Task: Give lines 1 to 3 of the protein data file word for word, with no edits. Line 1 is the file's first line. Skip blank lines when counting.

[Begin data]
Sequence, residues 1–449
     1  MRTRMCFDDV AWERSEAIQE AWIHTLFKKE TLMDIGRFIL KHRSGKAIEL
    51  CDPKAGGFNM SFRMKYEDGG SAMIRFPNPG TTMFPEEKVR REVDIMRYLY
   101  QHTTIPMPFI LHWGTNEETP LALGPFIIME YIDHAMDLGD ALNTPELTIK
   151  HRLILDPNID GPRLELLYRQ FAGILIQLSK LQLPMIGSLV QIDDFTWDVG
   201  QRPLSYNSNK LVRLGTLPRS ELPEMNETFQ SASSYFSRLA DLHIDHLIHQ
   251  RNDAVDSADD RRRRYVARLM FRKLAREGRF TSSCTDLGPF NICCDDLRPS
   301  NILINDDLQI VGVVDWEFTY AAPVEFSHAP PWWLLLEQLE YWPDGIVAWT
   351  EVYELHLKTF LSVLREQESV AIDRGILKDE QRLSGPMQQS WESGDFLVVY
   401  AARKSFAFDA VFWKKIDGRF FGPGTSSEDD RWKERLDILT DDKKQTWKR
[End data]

Sequence, residues 1–449
     1  MRTRMCFDDV AWERSEAIQE AWIHTLFKKE TLMDIGRFIL KHRSGKAIEL
    51  CDPKAGGFNM SFRMKYEDGG SAMIRFPNPG TTMFPEEKVR REVDIMRYLY